This Python notebook demonstrates how 2D data can be analyzed using **spm1d**.

Note: Currently spm1d can be used only for non-parametric analysis of 2D data.

Warning: 2D data must be registered prior to analysis. spm1d does not support 2D registration. Algorithmic registration of 2D data can be achieved with third-party software like ITK. Manual registration of 2D data is possible with software like 3D Slicer.

Warning: Probability values can not be calculated. Hypothesis testing is possible (i.e., critical test statistic calculation), but spm1d does not support cluster-specific probability calculations for 2D data.

The 2D data analyzed below are from Pataky (2012), and include 20 pressure plate measurements of quiet standing in a single subject. Ten measurements were made for each of two quiet standing tasks: backward leaning and forward leaning. For the first ten measurements the subject leaned backward while maintaining toe contact, and for the next ten measurements the subject leaned forward while maintaining heel contact. Pressure distributions were recorded at 50 Hz for 5 s with a spatial resolution of 8.5 mm.

The attached dataset represents the average 2D pressure distribution (units: kPa) over the 5 s recorded interval. Each of the 20 observations is saved as a (60 x 32) array of pressure values. While the subject was required to step off the measurement plate between each measurement, thus implying non-constant foot positions with respect to the measurement device’s coordinate system, the attached data have been pre-registered following Oliveira et al. (2010).

The goal of the analyses below is to test the null hypothes of equal pressure distributions in the two tasks.

Oliveira FP, Pataky TC, Tavares JM (2010). Registration of pedobarographic image data in the frequency domain. *Computer Methods in Biomechanics and Biomedical Engineering* 13(6): 731-40.

Pataky TC (2012). Spatial resolution in plantar pressure measurement revisited. *Journal of Biomechanics* 45(12): 2116-24.

The data are saved the “data2d” file and can be imported as follows:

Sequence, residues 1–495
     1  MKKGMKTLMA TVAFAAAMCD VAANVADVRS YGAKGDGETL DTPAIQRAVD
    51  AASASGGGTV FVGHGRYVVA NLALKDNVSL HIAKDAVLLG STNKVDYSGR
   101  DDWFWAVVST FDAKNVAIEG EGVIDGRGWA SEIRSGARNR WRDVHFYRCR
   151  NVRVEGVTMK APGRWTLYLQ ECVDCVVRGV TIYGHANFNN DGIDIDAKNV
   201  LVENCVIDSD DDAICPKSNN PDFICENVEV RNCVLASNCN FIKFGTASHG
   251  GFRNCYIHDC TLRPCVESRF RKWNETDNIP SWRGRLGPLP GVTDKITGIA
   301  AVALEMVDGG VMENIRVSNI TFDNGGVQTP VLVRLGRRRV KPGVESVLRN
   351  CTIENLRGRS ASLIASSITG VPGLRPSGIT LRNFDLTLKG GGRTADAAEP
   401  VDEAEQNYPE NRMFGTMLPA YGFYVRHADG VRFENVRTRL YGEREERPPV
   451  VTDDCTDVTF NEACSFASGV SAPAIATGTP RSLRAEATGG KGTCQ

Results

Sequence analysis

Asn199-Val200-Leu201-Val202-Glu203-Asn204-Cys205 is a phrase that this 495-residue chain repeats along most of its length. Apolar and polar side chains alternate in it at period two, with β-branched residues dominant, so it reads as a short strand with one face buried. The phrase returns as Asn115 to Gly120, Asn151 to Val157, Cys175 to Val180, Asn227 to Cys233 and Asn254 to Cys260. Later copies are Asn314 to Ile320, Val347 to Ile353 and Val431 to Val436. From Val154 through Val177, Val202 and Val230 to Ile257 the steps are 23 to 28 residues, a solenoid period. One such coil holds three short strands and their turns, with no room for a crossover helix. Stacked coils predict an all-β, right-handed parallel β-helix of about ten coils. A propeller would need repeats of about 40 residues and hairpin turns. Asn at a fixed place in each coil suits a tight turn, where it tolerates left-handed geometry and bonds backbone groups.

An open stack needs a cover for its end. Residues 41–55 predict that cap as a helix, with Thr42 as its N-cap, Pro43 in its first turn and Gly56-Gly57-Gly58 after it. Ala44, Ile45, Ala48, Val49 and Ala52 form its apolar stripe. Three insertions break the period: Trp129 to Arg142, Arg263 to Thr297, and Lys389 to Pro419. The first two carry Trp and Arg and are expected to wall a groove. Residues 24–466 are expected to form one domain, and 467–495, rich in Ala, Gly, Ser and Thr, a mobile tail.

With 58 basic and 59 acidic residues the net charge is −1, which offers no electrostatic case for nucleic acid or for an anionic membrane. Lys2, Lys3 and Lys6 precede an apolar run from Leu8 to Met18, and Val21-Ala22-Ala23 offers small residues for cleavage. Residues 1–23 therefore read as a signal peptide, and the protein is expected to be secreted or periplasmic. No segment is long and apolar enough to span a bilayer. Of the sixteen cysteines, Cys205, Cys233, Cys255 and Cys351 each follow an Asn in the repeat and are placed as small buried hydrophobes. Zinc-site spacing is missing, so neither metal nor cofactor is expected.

```
[1]:
```

```
import numpy as np
from matplotlib import pyplot
fname = 'data2d.npy'
Y = np.load(fname)
print(Y.shape)
```

```
(20, 60, 32)
```

Note that the data are saved in a single 3D array with dimensions (20, 60, 32), implying 20 measurements of (60 x 32) pressure distributions. Individual observations can be visualized like this:

```
[2]:
```

```
pyplot.figure()
ax = pyplot.axes()
ax.imshow(np.ma.masked_array(Y[0], Y[0]==0), origin='lower', cmap='jet')
cb = pyplot.colorbar(mappable=ax.images[0])
cb.set_label('Average pressure (kPa)')
pyplot.show()
```

This represents a single observation of backward leaning. All observations can be visualized as follows.

```
[3]:
```

```
y0,y1 = Y[:10], Y[10:]
y = np.vstack([np.hstack(y1),np.hstack(y0)])
pyplot.figure( figsize=(14,6) )
ax = pyplot.axes()
ax.imshow(np.ma.masked_array(y, y==0), origin='lower', cmap='jet')
cb = pyplot.colorbar(mappable=ax.images[0])
cb.set_label('Average pressure (kPa)')
pyplot.show()
```

The backward and forward leaning trials are depicted in the top and bottom rows, respectively.

The mean distributions for the two tasks can be computed and visualized as follows:

```
[4]:
```

```
mA = Y[:10].mean(axis=0)
mB = Y[10:].mean(axis=0)
m = np.hstack( [mA, mB] )
pyplot.figure()
ax = pyplot.axes()
ax.imshow(np.ma.masked_array(m, m==0), origin='lower', cmap='jet')
ax.set_title('Mean pressure distributions')
ax.text(16, 10, 'Backward leaning', ha='center')
ax.text(48, 10, 'Forward leaning', ha='center')
cb = pyplot.colorbar(mappable=ax.images[0])
cb.set_label('Average pressure (kPa)')
pyplot.show()
```

A two-sample t test can be conducted on these data using **spm1d** as follows.